Practical Guide to Digital Imaging for Microscopy

Source: Optronics
The current microscope image acquisition marketplace is filled with new products, each one promising excellent images at a variety of price points
By William G. Hand, Ph.D., General Manager, Optronics

The current microscope image acquisition marketplace is filled with new products, each one promising excellent images at a variety of price points. What do you really need to know when you get ready to buy?

Your first priority should be to look at your application requirements. You should answer the following questions:

  • If fluorescence microscopy is used, can you see the latent fluorescent image through the eyepieces? If you can't see an image, you will need a camera that integrates the image past a few seconds (integration is the digital camera equivalent of extended or time lapse exposure in a film camera).
  • What field of view does the application require? This can be measured as a percent of the field of view as seen through the eyepieces. You can use a stage micrometer to determine this.
  • Do you feel comfortable with integrating image processing boards in to your computer? If you have not had experience doing this, you should work with a dealer who has an imaging department or consider purchasing a camera that uses an existing interface (Serial, Parallel, or if newer USB or IEEE 1394).
  • Do you really need a digital camera? There are still some applications where film is the best medium for image acquisition, especially if you require special lighting. Remember that you can post-process a photo image through a high quality scanner to get digital results.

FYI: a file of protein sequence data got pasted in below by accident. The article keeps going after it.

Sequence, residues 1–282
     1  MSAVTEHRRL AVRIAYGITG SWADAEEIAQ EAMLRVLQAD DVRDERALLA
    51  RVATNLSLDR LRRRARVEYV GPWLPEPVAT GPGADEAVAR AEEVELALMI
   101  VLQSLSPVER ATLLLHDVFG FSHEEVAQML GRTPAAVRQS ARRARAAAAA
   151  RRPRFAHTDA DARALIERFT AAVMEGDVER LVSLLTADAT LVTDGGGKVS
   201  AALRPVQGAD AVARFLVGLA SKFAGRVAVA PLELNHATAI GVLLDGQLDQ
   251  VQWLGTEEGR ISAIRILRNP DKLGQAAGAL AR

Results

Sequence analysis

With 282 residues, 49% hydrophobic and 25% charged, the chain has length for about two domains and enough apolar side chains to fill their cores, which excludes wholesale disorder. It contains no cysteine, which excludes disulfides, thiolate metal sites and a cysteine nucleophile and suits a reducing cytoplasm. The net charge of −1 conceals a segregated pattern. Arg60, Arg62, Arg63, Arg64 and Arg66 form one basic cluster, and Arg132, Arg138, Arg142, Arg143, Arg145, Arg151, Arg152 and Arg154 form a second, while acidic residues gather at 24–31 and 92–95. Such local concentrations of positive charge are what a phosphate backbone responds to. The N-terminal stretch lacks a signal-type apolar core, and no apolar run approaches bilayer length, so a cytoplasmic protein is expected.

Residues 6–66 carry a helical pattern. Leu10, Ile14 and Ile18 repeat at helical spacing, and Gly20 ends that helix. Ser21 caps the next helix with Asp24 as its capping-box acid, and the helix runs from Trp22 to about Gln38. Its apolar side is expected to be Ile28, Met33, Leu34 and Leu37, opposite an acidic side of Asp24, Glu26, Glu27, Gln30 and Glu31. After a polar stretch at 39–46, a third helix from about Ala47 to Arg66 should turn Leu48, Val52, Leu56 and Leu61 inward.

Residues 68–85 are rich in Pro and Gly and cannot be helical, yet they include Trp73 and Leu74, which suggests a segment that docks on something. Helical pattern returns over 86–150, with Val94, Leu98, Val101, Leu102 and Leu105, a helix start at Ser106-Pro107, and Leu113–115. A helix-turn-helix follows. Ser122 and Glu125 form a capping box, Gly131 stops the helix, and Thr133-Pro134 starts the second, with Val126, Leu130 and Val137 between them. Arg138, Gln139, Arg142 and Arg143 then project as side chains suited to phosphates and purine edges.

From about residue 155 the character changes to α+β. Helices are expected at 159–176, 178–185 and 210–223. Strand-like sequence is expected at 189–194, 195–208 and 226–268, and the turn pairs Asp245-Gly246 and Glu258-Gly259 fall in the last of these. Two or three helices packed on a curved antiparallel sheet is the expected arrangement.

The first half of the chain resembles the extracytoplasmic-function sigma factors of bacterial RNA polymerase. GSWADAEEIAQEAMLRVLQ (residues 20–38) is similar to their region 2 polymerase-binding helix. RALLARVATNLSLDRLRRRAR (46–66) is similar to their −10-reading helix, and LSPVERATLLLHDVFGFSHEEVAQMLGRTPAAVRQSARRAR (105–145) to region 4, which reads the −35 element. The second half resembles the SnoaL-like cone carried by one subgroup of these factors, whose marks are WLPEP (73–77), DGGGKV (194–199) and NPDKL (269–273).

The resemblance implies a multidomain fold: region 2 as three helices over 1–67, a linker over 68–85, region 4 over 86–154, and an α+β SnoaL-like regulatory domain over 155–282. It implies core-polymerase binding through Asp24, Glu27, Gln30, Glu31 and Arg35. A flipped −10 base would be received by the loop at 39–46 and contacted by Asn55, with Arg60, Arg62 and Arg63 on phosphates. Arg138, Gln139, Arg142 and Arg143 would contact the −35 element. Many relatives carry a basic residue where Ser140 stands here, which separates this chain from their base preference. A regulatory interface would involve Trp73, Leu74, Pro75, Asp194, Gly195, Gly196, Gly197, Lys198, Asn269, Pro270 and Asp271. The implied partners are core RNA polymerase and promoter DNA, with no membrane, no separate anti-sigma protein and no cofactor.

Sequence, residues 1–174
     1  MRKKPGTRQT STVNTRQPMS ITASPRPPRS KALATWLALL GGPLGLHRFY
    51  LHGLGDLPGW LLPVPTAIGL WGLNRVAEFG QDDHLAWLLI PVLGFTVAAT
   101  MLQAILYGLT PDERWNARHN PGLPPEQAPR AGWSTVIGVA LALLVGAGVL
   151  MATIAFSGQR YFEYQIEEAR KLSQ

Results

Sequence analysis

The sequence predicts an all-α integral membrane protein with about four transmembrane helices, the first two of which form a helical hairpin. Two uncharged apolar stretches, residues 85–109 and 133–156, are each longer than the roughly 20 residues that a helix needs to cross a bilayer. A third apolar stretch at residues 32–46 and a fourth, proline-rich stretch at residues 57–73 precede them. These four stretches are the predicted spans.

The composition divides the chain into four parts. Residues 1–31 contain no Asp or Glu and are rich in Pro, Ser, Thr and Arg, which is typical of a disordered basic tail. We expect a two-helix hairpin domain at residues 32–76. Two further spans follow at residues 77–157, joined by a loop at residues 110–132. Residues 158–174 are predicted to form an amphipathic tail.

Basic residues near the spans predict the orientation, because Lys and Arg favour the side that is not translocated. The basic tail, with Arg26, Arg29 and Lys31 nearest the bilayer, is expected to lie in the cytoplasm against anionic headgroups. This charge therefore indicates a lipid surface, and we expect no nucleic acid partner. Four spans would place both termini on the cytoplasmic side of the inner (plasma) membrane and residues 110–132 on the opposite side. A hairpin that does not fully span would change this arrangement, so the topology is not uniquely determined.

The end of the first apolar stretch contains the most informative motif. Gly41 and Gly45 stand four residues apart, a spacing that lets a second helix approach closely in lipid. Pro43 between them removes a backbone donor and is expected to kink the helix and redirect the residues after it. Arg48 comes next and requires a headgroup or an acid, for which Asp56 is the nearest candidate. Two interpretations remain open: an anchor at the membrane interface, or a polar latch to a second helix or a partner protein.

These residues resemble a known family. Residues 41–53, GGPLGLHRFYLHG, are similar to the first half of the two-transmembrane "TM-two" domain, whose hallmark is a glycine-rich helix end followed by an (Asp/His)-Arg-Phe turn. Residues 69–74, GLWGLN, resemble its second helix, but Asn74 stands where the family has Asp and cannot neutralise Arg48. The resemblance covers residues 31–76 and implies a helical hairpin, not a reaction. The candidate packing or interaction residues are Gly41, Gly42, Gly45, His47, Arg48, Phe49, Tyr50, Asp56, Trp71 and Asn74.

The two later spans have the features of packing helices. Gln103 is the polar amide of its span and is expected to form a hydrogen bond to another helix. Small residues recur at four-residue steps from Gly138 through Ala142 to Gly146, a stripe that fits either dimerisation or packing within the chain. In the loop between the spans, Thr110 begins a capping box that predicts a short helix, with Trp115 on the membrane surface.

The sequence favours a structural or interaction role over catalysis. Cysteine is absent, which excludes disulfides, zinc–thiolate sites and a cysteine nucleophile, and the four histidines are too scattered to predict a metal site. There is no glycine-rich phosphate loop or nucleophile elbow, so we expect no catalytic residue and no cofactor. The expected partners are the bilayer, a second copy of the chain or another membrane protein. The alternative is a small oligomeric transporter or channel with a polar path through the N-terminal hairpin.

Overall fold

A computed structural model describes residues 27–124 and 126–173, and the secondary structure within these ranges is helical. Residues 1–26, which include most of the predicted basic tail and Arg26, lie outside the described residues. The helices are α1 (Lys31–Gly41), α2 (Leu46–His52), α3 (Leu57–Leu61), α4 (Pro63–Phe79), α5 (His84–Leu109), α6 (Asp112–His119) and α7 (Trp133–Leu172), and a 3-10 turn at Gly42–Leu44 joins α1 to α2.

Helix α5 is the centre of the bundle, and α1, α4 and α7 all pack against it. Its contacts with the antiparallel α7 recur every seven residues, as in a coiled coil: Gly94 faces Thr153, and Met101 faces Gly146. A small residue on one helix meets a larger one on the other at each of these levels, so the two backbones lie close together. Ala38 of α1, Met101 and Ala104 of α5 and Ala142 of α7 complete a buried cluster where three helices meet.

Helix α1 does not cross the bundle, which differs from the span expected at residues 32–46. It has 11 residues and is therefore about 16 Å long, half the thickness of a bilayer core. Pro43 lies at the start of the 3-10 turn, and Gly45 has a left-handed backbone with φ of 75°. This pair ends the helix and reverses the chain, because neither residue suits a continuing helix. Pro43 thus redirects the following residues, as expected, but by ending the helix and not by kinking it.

• What about the price/performance issue in digital cameras? As with any product, you get what you pay for. A lower price means some sacrifice in performance. Make sure that the performance hit does not effect your application.

Now that you have a idea of what your requirements are, make a features list and use it to select your ideal camera. Stay true to your list. The following description will provide you with some overview areas to consider when composing your camera "wish list".

When selecting a camera for microscope imaging, you have the following choices:

Traditional Film Cameras (Leica, Zeiss, Olympus, Nikon, Polaroid)

Whether standard emulsion, or Polaroid formats, film cameras provide the necessary high resolution and color fidelity required by microscopy.

There are several drawbacks to film cameras:

  1. You can not preview the image you are saving to film.
  2. Processing the film and providing prints or slides is cumbersome and expensive.
  3. The learning curve for successful application of film technology is extensive.
  4. No direct computer interface.

Films advantages are:

  1. A high latitude of film light sensitivity makes the medium ideal for some low light and high speed applications.
  2. Large emulsion formats provide unequaled resolution.

Video (Optronics, Sony, Hitachi, Javelin, Toshiba, Panasonic, Cohu, Dage)

Video has emerged over the past 10 years as a viable alternative to film. With CCTV high resolution imaging, video provides:

  1. WYSIWYG (What you see is what you get) capability.
  2. Ample resolution for high magnification, fine structure characterization microscopy.
  3. With 3 chip (RGB) technology, excellent color rendition.
  4. Easy digital conversion for computer input, storage and manipulation.
  5. Acceptable sensitivity for low light level applications, marginal sensitivity for high speed applications.

Video has some down sides too. These include:

  1. Complex microscope interface issues (image magnifiers, adapters, filters, etc.)
  2. Often complex computer interface issues (image processing board configurations, software compatibility issues).
  3. Video image display issues (RF interference, color balancing, display resolution, video tape storage resolution, video duplication image loss).

Digital Imagers (Optronics, Kodak, Diagnostic Instruments, Roper)

In the past 5 years, technology applied to video has been modified to provide high quality, high resolution digital images. By creating new imaging "chips", and ignoring standard video image standards (NTSC, PAL), it is possible to produce an electronic format camera that has high resolution, a simple direct computer interface, and excellent color rendition. The advantages of digital imagers are: